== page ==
One of the most satisfying things about woodworking is being able to begin with rough lumber and make just about anything I want. Over the last 7 years, I've probably built around 100 picture frames, saving lots of money along the way and ensuring quality preservation of my artwork.
The frame building process begins after the dimensional lumber is ripped into strips of the appropriate width and thickness and mitered to length.
After mitering, I glue up the frames in special clamps that apply pressure in such a way as to ensure the corners of the frame are tight and aligned.
I try to let my frames sit glued in the clamp overnight, but if I need to take them out I can after about 4 hours. Once the glue is dry I can reinforce the corners with 1/8 inch strips of wood, giving me one of the strongest picture frame joints possible. A simple miter joint by itself is not very strong, as one is essentially gluing end-grain to end-grain. Anything you buy at a store or even frame shop will have corners that open up over time due to the weight of the glass and artwork. The frames I've built with this type of corner reinforcement don't open up. The glue bond itself is stronger than the wood, so the wood will fail before the glue does.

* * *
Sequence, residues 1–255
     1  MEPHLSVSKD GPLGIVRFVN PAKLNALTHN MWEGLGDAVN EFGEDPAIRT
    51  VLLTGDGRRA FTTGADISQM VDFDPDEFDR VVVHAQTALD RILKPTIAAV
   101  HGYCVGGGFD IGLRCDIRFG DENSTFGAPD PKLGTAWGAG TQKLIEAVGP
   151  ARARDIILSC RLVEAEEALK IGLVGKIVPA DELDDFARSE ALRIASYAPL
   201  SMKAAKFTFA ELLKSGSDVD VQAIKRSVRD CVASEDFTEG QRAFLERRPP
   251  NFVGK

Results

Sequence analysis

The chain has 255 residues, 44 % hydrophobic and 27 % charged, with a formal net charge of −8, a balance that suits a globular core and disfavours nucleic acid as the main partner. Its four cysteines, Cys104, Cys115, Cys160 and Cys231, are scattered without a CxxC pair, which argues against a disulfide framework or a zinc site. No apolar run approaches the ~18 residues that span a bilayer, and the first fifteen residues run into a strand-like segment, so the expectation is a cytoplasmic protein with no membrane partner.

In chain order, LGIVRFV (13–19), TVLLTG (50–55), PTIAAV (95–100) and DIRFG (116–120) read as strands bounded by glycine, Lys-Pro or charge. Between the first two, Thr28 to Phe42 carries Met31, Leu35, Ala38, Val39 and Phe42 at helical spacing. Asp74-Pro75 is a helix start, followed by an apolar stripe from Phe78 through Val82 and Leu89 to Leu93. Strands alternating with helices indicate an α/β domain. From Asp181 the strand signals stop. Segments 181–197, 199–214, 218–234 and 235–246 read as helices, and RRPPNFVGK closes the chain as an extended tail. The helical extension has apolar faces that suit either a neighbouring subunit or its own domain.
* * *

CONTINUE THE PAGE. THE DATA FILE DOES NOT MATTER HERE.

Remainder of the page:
The strongest glue bond results from having wood fibers aligned parallel to each other, which is achieved by inserting the reinforcing splines into the corners. I make the slots with a special jig I built. Once cut, the strips are glued and tapped in, then clamped in to maximize surface contact.
On these frames I trimmed the splines with my miter saw, and later finished bringing them flush with the frame side, using a block plane.
Given the fact that the grain of the splines (strips of wood) and the frame sides usually run in different directions, I have to be careful when trimming to prevent tear-out on the frame (see below).
I'm building three frames right now, one for a client (the walnut) and two curly maple frames for some recent pastel drawings. A future post will be dedicated to these finished works, so check back soon.
J0hn Hunter Speier
Recent work, and explorations of techniques, aesthetics and poetics.